On the other hand, I think my work doesn’t “judge”. It is up to the viewer to decide if a Belgian Neo-Nazi is a good or a bad guy. I mean, racism sucks. But how does a Belgian teenager become a Neo-Nazi? Due to a lack of education and because of bad influence. Does this make the guy a bad person? It’s up to the audience to decide. 




Tell us about your project “ Finding Emo“.

One reason why I started to appreciate photography is the series ‘Paradiso Stills’ by Max Natkiel that I saw in an exhibition back in 2003. The Dutch photographer portrayed young attendees of punk and skinhead concerts in the famous concert hall Paradiso in Amsterdam between 1982 and 1986. 

I was in shock and visited the gallery several times to see it over and over again because the portraits showed types of adolescents that I had never seen before during my puberty – I grew up in a Christian family and punk was forbidden. We were only allowed to watch Christian television. Of course, I knew about punks and their lifestyle, but the way Natkiel portrayed them was so strong that I was overwhelmed. It made me want to become a photographer too. I actually shot two long term series about youngsters: one about Neo-Nazi Jeffrey and one about punk Sam. This can’t be a coincidence.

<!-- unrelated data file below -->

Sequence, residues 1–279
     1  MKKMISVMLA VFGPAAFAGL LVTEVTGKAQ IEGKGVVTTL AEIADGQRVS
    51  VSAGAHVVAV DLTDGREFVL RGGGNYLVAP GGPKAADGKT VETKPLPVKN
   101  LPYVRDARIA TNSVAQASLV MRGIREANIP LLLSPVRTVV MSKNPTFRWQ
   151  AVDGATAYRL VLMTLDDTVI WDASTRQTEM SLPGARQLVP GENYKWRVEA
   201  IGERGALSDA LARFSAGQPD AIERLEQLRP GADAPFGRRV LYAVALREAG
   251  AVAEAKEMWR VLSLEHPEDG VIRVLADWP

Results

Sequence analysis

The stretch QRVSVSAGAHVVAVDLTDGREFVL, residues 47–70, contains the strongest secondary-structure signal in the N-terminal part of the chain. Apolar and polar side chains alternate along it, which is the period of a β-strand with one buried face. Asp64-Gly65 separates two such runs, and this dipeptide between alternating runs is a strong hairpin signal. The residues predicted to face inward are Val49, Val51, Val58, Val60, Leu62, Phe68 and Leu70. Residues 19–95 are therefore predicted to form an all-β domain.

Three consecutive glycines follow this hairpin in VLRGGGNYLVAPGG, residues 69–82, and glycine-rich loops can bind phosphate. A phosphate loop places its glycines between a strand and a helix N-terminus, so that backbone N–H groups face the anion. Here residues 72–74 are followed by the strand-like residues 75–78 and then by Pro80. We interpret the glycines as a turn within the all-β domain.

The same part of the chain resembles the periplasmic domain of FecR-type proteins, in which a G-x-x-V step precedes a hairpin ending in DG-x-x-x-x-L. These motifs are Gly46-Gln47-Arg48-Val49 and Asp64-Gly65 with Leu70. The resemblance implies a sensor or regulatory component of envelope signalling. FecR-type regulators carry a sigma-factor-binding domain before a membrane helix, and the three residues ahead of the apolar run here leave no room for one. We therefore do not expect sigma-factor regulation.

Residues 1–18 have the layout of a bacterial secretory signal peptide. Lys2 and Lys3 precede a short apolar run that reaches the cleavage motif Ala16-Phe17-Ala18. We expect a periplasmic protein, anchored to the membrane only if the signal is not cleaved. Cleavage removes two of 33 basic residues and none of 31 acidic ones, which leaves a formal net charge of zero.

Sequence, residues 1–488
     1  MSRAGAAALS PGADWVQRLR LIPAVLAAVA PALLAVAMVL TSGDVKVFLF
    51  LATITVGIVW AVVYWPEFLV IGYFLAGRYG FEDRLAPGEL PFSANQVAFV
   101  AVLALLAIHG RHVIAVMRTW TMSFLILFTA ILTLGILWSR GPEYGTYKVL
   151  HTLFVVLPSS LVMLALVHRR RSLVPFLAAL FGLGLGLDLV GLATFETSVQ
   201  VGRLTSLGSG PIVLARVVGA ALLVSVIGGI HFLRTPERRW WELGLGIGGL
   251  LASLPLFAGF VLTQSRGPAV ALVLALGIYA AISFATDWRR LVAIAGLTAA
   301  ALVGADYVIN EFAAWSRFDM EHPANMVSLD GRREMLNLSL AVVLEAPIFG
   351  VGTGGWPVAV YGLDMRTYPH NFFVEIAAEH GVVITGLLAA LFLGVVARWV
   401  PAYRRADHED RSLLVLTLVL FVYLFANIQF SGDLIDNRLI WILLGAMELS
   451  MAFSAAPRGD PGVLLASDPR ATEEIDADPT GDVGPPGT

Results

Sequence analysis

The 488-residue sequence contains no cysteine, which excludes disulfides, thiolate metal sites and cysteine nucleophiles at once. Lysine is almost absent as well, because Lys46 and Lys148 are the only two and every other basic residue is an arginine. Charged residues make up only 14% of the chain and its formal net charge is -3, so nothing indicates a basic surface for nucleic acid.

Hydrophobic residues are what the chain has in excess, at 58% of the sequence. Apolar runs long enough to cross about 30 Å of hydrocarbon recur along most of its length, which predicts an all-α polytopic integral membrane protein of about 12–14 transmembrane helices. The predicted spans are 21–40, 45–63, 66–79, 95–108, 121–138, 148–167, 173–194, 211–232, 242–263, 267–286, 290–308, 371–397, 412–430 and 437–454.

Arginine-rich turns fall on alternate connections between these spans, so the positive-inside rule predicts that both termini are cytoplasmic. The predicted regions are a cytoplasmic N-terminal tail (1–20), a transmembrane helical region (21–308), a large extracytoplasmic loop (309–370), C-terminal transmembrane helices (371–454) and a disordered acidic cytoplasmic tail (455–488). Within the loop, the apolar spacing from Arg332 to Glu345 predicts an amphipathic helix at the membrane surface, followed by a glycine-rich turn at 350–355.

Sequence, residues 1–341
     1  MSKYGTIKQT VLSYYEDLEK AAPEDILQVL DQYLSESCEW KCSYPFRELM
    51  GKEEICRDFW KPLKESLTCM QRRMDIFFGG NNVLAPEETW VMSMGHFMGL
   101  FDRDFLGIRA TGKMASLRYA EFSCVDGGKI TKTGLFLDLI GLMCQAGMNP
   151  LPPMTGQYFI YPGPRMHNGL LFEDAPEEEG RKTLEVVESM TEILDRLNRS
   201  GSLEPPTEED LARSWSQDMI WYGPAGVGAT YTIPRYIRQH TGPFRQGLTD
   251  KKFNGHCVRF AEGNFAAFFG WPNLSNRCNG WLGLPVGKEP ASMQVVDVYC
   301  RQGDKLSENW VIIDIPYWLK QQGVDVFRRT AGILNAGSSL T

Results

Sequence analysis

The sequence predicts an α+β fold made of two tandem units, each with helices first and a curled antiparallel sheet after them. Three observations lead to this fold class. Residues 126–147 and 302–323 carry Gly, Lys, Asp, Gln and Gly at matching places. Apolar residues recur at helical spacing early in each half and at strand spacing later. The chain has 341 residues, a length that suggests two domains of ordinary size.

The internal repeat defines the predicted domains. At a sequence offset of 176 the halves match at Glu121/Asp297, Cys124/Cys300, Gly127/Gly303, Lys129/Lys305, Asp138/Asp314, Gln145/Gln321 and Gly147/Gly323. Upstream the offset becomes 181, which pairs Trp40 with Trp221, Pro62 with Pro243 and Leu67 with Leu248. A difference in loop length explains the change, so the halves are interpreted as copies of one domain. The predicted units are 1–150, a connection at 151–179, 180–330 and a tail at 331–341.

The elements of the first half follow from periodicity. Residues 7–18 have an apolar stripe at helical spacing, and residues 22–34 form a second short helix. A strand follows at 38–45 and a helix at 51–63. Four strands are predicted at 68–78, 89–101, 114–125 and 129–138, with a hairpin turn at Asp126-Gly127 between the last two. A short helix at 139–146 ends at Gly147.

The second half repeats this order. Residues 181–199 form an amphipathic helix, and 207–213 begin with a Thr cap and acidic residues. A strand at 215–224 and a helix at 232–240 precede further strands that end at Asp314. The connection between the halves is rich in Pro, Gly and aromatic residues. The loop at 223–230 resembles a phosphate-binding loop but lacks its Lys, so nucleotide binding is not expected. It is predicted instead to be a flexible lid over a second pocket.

When emo-rock music arrived in the Netherlands from Britain and the US, I decided I wanted to make a Paradiso-Stills-like project of teenagers visiting concerts. I asked the visitors to pose in front of a wall, just like Natkiel did. I asked them not to pose or to smile. There are two important differences: the kids in Natkiel’s series are all drunk, stoned or drugged, which is nowadays hardly possible in music halls. And the walls behind his models are covered with graffiti, while my walls are plain and well painted in white. Both differences tell something about how the society is changing. Natkiel also allowed his models to pose, smile or act. That was not possible in my situation, because kids nowadays know exactly how to pose like stars in the magazines. 

Strangely enough, I consider the ‘normal’ teenagers of Finding Emo more interesting than the real dressed-up-teenagers. This taught me that I don’t have to focus on subcultures all the time. Eventually, I think this made me want to portray all kind of youngsters. It was a breakthrough in my way of thinking.




What kind of feedback did you get from this project?